James was watching the history channel a few months back. This particular show covered the background of the Catholic church. Needless to say, with our beautiful history of popes being exhumed and re-hung in protest, countless wars started over land and more than a few disagreements over grown men not allowed to have sex (with children, women or men), this documentary didn't sway his viewpoint that "going to church with me will be good for the kids!"
Even less encouraging for him was Nick's reaction to a picture of Jesus he saw on his journey between eating Cheerios off the kitchen floor and grabbing his favorite Thomas the Train car. James had paused the documentary for a minor pee break, and left a still frame of Jesus hanging on the cross. Not a happy smily Christ (if there is such thing as a happy portrayal of a man bleeding from all orefices on a crude wooden post). No, this savior was clearly an unhappy camper, each bead of sweat painted in perfect Baroque detail, each drop of blood about as red as the little train Nick held in his puffy little mitts. Nick, transfixed, dropped Thomas, looked at us perplexed and asked "Who's that man?" And I, as calmly as possible, said "Oh, that's Jesus." Long pause. Nick (very concerned): "Jesus needs a bottle". Me: "No, Jesus is okay." Nick: "No, Jesus is not okay. Jesus needs to come down!" Me: (turning from hip uber mom to Bible belter in less than 2 seconds): "Jesus did come down, sweetie. He's in our hearts." Nick: "Oh. I go bye bye." And he left.
I looked at James and told him that despite what just happened, Jesus is important in our lives. James chided "Oh, yes, the Jesus from the tv that just terrified our two year old? Or the Jesus that hangs on the cross at your church.. that will probably terrify him also?"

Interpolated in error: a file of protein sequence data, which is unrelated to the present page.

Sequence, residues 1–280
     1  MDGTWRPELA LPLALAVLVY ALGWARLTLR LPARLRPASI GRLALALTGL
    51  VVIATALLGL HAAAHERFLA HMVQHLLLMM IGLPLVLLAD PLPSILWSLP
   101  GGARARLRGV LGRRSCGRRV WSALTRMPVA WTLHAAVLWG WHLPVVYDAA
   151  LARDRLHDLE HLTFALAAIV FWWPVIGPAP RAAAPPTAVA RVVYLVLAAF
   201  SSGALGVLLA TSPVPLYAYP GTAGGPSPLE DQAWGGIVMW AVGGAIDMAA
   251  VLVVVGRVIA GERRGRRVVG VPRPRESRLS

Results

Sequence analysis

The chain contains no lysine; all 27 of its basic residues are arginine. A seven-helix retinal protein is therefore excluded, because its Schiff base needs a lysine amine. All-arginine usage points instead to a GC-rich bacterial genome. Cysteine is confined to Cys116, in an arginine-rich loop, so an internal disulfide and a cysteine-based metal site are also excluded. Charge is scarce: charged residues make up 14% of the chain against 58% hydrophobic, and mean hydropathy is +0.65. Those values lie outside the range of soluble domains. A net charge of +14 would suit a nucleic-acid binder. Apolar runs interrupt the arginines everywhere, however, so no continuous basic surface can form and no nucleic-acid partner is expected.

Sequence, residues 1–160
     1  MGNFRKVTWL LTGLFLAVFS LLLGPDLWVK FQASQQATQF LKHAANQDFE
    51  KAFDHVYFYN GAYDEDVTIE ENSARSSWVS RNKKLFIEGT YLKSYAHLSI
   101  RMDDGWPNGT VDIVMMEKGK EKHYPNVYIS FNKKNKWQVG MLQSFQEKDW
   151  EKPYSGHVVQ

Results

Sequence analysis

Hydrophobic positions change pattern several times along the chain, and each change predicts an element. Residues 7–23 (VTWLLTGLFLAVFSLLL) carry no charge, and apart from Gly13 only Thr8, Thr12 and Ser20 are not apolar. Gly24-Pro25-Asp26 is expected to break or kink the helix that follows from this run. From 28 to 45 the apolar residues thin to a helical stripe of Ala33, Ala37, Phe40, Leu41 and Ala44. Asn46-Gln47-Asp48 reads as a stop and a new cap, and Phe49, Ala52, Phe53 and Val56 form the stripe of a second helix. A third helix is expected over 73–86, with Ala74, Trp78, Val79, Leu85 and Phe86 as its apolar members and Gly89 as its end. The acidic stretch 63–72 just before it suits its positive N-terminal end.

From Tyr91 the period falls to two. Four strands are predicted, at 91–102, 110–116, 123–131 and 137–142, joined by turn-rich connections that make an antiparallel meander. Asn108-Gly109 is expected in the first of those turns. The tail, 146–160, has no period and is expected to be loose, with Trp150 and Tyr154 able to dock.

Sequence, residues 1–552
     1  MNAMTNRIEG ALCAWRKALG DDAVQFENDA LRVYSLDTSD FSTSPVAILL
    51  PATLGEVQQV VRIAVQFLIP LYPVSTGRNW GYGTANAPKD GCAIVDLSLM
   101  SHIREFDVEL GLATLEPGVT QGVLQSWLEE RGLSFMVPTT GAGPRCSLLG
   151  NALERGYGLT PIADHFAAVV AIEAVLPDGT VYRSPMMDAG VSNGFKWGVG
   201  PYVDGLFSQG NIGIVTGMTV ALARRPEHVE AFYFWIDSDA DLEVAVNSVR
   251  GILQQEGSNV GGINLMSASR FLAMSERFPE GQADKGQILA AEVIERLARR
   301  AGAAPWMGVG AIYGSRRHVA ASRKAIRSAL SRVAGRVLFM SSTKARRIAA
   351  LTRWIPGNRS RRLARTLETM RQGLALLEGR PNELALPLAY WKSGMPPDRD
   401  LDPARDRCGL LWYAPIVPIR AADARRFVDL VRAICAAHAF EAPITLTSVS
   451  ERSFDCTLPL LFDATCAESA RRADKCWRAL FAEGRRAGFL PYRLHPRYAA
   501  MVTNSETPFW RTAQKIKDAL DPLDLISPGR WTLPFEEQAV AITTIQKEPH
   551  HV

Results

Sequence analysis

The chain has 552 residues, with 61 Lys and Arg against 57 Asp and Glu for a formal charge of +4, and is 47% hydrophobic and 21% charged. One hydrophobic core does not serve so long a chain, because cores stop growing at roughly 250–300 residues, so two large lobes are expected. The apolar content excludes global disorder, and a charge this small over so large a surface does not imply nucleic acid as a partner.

James was right, I had to admit. In a way, teaching a child about Christ on the cross is like telling a toddler "Hey, Santa is cool! He brings us presents! But first, let's look at this photo of him being stomped on by reindeers... There, there... don't let the blood on the snow or the brains on his beard scare you. Just think of how much effort this dying fat man went through to bring you joy, before he died for you. Well, enjoy your new teddy bear!"
I want to give Dominic the bright side of the Catholic church, and there is a lot: the community, the ritual, the idea that we come together as a family once a week to thank God for all our blessings. But like any religion, there's definite downsides to organized religion: the hypocrisy, the confinement, and the question of family being "why does Mommy and Sophie and Nicky go but Papa stays home?"
Call me a girl who likes the chalice half full, but I'm hoping I can instill in Nick a positive view of God. It's not like I didn't do the homework. My family is half Jewish, so if anyone knows their way to and from a temple, or a deli, it's me. I've visited Mosques. I've church shopped. There is no perfect house of worship. All we can do, like any human being, is the best we can. I want Nick to have an anchor in this world, and I'm putting my bet on the Catholic church for now. I'll be there for him when he has questions. If he's sixteen and tells me he wants to have sex, I'll teach him what the church says (abstinence) and then make James buy him condoms (For Godsake, I don't want to be a grandma at 50!) Does the fact that I'm taking a liberal approach to Catholicism make me one of those hypocrites at mass? Maybe. But the alternative is like doing Christmas without the tradition of Santa. And what fun is a Xmas tree without gifts? Come to think of it, maybe believing in Jesus is just the grown up version of believing in Santa... except instead of being told at eight or nine that Santa isn't real, we get to go our whole lives believing the Jesus dream. Some people will say this dream is called faith, and they believe it without question. Good for them. I have my doubts sometimes. But at the same time, I couldn't face this insane world thinking there isn't some higher power out there, so for now, I'm hanging my hat on Jesus.
Who is hanging on a cross.
Who, according to my son as of yesterday, needs a bandaid for his boo boos.
This Jesus thing is a work in progress. I'll keep you posted.